We live in a computer age. This is fast becoming the ‘remote technology’ age particularly evident with current events. We are working on our laptops and desktop PC’s for extended periods doing our best to adjust our home workspace so that it is ergonomically viable.
In some cases, we develop poor habitual postural patterns and this can lead to musculoskeletal pain.
I call this ‘tech-neck’ or ‘inter-neck’ and in this article, I’ll show you ways you can manage it.
What is ‘tech-neck’?
Our centre of gravity is located behind our ears. The average head weighs ~10lb . Our heads therefore, naturally fall forwards with gravity this most evident when momentarily fall asleep whilst sitting causing a jolt as our muscles appreciate the sudden shift in weight distribution. Most human activities are dominant one side (depending on handed-ness) and orientated forwards. Over time our heads move forwards leading to a myriad of muscle imbalances. The body works hard to keep the head supported and maintain optimal line of sight. Certain muscles lengthen and become weak whilst others shorten and increase in tension. 
Muscles that lengthen include deep muscles at the front of the neck responsible for bending the head and neck forwards, muscles at the lower neck and upper back responsible for extending the head and neck backwards and muscles between the shoulder blades that help open the chest and keep the shoulder back.
Muscles that shorten include those at the back of the neck at the top. These are very strong muscles working continuously to keep the head and vision upright, the chest muscles reduce in length as the back muscles lengthen and side muscles connecting the shoulder blade to the upper neck.
The result could be forward head posture and an increased upper back curve.
So, what happens when you have ‘tech-neck’?
When the head is held forwards for extended periods of time you may feel a general ache or pain effecting the back and sides of the neck and upper back; more intense pain if forward head posture is more long standing, focal areas of pain commonly known as active trigger-points (these may also refer elsewhere)  and/or inflamed muscles simply from the unrelenting tension.
It is possible forward head posture can also lead to other more complex problems involving the spinal joints, spinal discs, spinal nerves and other associated structures like joint capsules and ligaments.
The lower part of the neck is particularly susceptible due to the ‘long lever’ effect of the head on the spine. The further forward the head travels the greater the load on this area.
In the long term it is possible the cervical spine (neck) will start to degenerate.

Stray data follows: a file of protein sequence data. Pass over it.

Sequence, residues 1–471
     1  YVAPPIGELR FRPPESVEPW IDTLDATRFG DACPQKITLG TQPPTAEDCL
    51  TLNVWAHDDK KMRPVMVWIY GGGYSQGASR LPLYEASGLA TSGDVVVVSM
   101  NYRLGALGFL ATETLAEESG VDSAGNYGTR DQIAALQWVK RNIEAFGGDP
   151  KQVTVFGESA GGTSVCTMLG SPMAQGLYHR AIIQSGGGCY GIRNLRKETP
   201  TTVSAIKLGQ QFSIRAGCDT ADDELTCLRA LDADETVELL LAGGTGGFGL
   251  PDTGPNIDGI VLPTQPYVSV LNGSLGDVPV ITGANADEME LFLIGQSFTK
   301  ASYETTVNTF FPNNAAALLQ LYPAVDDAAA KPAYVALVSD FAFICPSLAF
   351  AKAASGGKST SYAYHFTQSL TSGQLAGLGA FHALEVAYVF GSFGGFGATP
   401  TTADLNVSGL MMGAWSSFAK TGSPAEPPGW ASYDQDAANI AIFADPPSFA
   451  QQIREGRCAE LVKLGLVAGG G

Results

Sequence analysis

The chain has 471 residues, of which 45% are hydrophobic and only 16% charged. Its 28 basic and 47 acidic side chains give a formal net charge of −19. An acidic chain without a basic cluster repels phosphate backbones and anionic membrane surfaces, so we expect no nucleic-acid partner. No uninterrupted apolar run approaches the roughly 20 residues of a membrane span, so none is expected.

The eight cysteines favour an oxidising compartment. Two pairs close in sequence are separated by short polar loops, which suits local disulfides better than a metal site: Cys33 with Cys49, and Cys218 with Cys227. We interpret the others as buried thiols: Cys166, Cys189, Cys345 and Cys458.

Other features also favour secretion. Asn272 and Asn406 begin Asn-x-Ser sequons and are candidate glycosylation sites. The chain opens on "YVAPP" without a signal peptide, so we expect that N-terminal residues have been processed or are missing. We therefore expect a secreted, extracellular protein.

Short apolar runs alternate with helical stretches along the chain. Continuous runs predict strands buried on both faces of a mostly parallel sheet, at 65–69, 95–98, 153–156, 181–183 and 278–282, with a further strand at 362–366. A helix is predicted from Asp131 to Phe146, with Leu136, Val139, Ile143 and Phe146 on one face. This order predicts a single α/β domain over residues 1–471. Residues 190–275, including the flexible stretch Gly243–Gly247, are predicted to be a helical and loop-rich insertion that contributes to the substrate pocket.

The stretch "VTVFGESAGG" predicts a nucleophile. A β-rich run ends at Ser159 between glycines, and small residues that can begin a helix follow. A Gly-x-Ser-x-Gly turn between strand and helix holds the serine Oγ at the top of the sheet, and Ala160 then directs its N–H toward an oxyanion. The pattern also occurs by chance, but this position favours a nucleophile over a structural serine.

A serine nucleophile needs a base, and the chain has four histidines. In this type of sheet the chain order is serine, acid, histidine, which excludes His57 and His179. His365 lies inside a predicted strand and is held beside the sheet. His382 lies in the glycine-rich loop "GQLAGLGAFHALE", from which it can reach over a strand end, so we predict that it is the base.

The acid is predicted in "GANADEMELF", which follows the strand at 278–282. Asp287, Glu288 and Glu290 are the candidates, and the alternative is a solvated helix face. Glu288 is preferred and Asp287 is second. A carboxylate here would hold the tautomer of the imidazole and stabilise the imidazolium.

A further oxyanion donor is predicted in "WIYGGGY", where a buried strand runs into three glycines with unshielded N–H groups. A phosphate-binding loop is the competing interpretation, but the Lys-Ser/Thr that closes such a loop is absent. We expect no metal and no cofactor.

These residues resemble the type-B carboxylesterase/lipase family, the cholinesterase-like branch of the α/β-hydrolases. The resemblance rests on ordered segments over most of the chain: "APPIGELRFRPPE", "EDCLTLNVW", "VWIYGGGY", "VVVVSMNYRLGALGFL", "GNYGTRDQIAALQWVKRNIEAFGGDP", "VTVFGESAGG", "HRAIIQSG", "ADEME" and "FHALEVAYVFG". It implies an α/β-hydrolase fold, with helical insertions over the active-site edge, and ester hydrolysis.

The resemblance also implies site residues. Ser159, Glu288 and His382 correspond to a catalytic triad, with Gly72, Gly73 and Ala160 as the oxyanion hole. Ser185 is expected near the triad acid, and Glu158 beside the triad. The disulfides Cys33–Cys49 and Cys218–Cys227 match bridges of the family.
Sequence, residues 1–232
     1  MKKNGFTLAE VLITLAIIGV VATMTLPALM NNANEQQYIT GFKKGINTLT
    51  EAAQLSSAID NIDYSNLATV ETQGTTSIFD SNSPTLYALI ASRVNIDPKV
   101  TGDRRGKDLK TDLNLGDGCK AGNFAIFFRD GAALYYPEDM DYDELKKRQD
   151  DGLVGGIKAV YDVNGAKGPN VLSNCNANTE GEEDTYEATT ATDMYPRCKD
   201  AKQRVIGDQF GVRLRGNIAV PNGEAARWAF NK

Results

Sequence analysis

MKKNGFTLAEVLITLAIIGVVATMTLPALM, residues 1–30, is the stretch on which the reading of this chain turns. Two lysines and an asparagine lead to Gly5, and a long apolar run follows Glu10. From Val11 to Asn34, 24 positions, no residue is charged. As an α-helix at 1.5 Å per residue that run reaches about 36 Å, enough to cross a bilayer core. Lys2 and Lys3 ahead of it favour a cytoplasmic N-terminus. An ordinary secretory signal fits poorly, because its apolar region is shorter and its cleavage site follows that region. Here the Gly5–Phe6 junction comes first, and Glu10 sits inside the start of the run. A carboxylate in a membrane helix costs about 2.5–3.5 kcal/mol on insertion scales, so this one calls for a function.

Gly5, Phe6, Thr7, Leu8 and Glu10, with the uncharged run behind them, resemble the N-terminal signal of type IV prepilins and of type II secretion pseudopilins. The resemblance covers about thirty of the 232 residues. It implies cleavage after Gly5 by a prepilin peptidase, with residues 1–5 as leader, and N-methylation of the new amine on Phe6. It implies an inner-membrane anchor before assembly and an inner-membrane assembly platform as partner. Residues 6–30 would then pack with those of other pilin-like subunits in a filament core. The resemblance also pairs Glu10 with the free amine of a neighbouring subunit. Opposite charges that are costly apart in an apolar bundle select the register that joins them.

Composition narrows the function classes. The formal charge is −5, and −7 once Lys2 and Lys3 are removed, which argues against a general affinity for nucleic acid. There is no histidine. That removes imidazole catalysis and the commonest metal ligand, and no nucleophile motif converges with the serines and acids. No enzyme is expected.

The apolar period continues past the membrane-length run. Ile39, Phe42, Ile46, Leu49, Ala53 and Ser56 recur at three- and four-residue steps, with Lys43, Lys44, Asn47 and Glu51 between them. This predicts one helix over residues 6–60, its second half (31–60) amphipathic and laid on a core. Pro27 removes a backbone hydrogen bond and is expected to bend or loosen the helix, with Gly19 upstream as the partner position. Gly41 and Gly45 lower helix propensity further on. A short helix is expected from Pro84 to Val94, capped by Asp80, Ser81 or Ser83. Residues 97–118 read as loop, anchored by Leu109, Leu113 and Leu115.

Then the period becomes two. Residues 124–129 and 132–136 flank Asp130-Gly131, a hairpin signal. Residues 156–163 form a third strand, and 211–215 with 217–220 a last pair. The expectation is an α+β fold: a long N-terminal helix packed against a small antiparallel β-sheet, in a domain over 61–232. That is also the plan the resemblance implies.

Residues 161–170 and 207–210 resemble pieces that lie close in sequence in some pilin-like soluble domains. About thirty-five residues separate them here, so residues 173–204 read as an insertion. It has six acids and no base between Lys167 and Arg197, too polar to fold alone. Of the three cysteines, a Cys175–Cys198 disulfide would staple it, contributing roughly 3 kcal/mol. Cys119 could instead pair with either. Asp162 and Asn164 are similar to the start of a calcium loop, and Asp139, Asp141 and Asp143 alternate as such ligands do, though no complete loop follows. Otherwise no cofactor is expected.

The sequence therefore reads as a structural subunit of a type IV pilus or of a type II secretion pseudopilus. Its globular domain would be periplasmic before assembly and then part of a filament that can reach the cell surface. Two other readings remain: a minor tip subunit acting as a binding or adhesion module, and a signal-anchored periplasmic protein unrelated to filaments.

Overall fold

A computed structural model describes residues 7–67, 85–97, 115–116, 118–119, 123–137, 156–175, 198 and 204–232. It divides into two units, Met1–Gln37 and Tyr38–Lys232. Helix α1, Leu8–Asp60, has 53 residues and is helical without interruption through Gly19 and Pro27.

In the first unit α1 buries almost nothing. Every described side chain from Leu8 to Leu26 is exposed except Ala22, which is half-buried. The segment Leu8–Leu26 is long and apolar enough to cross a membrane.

So, what can you do to prevent this?
Chiropractors, Cranbourne can help with ‘tech-neck’.
- Body awareness. In a study by Holger et al, a Postural Awareness Scale was used to measure postural awareness where ‘participants described detailed moment-to-moment variations in awareness of their body postures, perceived deficiencies in body awareness and their association with pain symptoms, as well as improvements in aspects of postural awareness.’  Body awareness is fundamental to managing posture particularly when immersed in computer work.
- Resistance exercise. Strengthening those muscles that are lengthened i.e. the deep muscles at the front of the neck, muscles at the lower neck and upper back and those between the shoulder blades. Talk to your health professional about using resistance bands.
- Stretching exercise. Stretching the muscles that shorten i.e. those at the back of the neck at the top, the chest muscles and side muscles connecting the shoulder blade to the upper neck. Again, talk with your health professional about using resistance bands and other ways to stretch.
- Posture aids. I recommend the posture-medic .
In much the same way we train for a sport we must also train and condition our bodies to meet the constant demands of prolonged sitting posture. It is imperative you pace yourself with any postural correction program. Please consult your health professional for proper guidance around stretching, strengthening and the use of any postural aid.
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About the Author:
Dr. Andrew Arnold is the senior Chiropractor and practice owner, Cranbourne Family Chiropractic and Wellness Centre
Andrew is married to Dr. Linda Wilson and has two children, Isaac and Bella. He lives in Melbourne, Australia.
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